Gen Z Can’t Believe Millennials Wore This Beauty Look in Public (and We’re Still Confused How It Became a Trend)

The year was 2009. You were invited to the movie theater to see 500 Days of Summer with a group of your high school pals. The occasion called for some makeup, a dusting of gold-flecked bronzer perhaps, or a generous smudge of black eyeliner. But you didn’t feel put together without one more thing: a swipe of concealer across your lips. 

Much to our embarrassment when uncovering old mirror selfies, millennials were taken with concealer lips at the end of the 2000s. Revealed to Gen Z via a TikTok filter called “Makeup Back to 2008,” the cosmetic choice was met with confusion and cringe. How, the younger generation asks, did we decide that concealer was a supreme stand-in for lipstick? We pose three theories here. 

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concealer lips kim
Jason LaVeris/Getty Images

The Kardashian Theory

The Kardashians wielded influence over our beauty choices well before the inception of Instagram. Along with Kim’s signature bandage dress and curtain of black hair, she was known for her sultry charcoal eyeshadow. The elusive “smoky eye” gripped us all in the late aughts, and we remember trying (and failing) to diffuse silver and black shades across our lids before a night out. The best way to balance all that strong shadow, we were told via magazines and YouTube tutorials, was with a nude lip. Peachy beige hues like MAC Myth, Creme D’Nude and Shy Girl spiked in popularity for their ability to accompany a smoky eye. And for some, concealer topped with pink gloss worked just as well.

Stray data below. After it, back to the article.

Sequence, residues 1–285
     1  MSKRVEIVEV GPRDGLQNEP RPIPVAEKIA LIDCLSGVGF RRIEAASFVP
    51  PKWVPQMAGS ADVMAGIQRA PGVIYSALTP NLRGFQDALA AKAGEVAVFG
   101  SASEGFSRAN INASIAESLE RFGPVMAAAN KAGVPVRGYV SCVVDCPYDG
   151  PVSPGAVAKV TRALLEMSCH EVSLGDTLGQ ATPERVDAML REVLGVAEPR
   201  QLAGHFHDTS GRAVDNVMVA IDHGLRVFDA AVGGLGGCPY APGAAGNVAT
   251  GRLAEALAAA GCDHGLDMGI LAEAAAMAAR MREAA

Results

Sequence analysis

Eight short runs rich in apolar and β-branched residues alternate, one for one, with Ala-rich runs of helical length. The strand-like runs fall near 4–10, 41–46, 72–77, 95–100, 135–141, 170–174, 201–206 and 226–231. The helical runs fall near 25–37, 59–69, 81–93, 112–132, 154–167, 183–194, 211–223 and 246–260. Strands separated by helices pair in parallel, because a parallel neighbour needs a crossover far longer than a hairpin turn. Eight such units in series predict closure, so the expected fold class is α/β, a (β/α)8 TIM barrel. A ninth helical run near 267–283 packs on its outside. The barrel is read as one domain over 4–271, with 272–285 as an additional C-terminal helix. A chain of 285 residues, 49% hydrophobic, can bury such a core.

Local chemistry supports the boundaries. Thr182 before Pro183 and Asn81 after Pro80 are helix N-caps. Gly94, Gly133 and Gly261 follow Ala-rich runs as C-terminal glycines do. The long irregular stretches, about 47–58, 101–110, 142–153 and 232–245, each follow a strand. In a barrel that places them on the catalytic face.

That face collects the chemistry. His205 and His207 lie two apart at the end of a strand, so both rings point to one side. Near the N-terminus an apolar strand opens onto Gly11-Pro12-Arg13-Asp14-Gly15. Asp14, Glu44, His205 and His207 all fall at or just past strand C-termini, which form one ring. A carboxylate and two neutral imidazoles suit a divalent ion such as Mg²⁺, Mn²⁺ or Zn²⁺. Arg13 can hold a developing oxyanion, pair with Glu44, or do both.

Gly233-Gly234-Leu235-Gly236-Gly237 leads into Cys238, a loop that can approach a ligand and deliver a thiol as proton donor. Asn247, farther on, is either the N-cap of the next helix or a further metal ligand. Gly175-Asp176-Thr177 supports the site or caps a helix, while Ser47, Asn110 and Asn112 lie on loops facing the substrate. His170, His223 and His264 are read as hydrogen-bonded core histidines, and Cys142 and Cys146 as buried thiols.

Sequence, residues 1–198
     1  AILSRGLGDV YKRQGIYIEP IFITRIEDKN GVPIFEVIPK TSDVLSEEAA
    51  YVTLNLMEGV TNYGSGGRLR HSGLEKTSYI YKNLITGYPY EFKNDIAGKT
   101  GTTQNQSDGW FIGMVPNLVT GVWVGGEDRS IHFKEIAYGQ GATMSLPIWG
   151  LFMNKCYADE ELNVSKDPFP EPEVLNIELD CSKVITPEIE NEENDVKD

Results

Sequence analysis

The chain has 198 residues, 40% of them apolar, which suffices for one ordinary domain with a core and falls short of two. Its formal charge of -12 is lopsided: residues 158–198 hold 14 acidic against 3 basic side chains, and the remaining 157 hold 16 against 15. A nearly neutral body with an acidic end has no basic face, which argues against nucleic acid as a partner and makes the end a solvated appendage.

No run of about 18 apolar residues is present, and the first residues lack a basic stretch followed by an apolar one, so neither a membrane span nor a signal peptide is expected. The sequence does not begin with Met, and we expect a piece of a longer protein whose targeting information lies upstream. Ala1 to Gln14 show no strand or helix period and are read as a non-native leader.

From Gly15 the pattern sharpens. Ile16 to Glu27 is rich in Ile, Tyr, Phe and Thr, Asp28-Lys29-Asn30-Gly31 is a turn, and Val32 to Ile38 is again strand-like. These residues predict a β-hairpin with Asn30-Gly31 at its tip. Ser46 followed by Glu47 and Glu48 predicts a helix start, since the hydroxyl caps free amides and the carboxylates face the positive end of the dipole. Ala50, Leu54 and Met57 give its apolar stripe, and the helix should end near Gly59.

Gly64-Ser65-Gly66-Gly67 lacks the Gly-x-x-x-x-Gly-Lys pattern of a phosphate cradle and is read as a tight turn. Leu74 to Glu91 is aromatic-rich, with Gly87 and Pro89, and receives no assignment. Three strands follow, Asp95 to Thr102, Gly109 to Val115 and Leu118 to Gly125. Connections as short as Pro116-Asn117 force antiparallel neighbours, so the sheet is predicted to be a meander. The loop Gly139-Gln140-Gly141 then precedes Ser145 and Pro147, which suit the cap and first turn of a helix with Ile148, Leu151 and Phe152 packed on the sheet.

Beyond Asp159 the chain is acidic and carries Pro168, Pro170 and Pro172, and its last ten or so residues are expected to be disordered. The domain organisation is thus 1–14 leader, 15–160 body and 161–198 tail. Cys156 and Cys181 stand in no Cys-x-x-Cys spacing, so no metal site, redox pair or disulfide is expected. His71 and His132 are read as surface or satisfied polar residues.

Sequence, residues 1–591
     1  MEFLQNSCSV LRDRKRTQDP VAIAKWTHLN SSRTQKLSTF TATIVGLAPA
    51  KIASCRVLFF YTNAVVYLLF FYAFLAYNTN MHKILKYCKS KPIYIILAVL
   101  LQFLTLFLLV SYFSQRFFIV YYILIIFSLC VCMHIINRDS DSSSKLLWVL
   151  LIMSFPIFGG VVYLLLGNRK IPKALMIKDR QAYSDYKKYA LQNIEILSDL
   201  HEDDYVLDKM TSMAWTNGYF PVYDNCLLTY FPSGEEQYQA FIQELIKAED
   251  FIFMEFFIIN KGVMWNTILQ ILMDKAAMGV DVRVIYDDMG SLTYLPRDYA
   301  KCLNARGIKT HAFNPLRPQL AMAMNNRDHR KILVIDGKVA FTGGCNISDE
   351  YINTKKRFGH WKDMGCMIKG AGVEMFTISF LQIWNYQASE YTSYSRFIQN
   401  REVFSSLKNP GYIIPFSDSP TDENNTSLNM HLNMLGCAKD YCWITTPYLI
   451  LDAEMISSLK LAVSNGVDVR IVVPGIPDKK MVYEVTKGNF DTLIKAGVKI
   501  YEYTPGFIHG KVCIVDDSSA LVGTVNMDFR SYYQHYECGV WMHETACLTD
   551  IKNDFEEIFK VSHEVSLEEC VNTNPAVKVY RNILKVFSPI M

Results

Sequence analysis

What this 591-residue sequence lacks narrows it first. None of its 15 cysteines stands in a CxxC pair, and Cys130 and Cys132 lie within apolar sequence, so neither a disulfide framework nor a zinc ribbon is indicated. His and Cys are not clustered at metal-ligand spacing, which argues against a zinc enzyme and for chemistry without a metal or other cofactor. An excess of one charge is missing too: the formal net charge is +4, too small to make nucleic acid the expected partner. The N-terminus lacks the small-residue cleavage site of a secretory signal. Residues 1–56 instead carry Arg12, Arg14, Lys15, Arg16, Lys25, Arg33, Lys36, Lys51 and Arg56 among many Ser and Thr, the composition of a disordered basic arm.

The Scene Kid Theory

An offshoot of the emo and rave movements, the “scene” subculture emerged in the mid-2000s. You might remember throwback scene bands like HelloGoodbye, Dashboard Confessional and MetroStation. “Scene kids” found community and creative sustenance on sites like Myspace, Tumblr and LiveJournal. And with endless style and music inspiration at their disposal online, scene style was established: shaggy neon hair, band tees, skinny jeans, layered studded belts, lots of eyeliner and yes, a pierced, pale pout. As scene culture went mainstream, more of us embraced emo-inspired makeup, concealer lips and all.

concealer lips kstew
Franco Origlia/Getty Images

The Twilight Theory

Forks, Washington cast a gray, dreary filter over the cast of the Twilight Saga, and not just its vampire family. Bella Swan, the living, breathing romantic lead, is written to look particularly sallow and vitamin D deficient. Whether you fell firmly into team Edward or Jacob, millennial teens were caught up in the Twilight craze and the supernatural beauty trends that came with it. To achieve the bloodthirsty look, we favored sparkly setting powders, contoured cheeks and lighter lip hues (to look like the Cullens clan before a hunt). 

How to Wear a Nude Lip in 2023

Whatever the justification, we won’t be revisiting the cancelled-out lip color any time soon. But concealer can serve a purpose when layered with other lip products. Celebrity Makeup Artist and Brand Founder Jenny Patinkin says a small amount it can act as a base to bring out brighter pigments. “Concealer helps create a canvas for stronger color payoff or to get a graduated ombre look. I recommend using the least amount possible so it doesn't dry your lips out, and skipping it altogether if you have fine lines around your mouth because it'll for sure cause bleeding.” she advises. 

So, Gen Z, if you’re going to adorn yourselves with the butterfly clips, tiny tanks and baguette bags of the 2000s, you must accept our concealer lips phase.

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Senior Social Strategy & Trends Editor

From 2017-2023 Michaela Magliochetti held the role of Senior Social Strategy & Trends Editor covering wellness, horoscopes, trends and more.